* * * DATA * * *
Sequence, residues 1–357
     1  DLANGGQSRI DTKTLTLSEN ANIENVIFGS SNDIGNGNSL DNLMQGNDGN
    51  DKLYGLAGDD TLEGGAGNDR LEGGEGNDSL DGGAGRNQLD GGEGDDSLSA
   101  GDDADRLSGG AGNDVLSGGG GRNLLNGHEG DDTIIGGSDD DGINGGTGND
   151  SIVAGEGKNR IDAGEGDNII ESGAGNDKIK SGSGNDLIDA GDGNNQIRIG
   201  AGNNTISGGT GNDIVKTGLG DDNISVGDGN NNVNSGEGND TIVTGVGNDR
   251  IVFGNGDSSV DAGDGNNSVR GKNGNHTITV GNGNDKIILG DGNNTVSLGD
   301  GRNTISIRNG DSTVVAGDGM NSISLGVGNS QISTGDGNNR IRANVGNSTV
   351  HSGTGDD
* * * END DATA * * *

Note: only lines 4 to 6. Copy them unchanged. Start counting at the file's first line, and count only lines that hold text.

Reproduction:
   101  GDDADRLSGG AGNDVLSGGG GRNLLNGHEG DDTIIGGSDD DGINGGTGND
   151  SIVAGEGKNR IDAGEGDNII ESGAGNDKIK SGSGNDLIDA GDGNNQIRIG
   201  AGNNTISGGT GNDIVKTGLG DDNISVGDGN NNVNSGEGND TIVTGVGNDR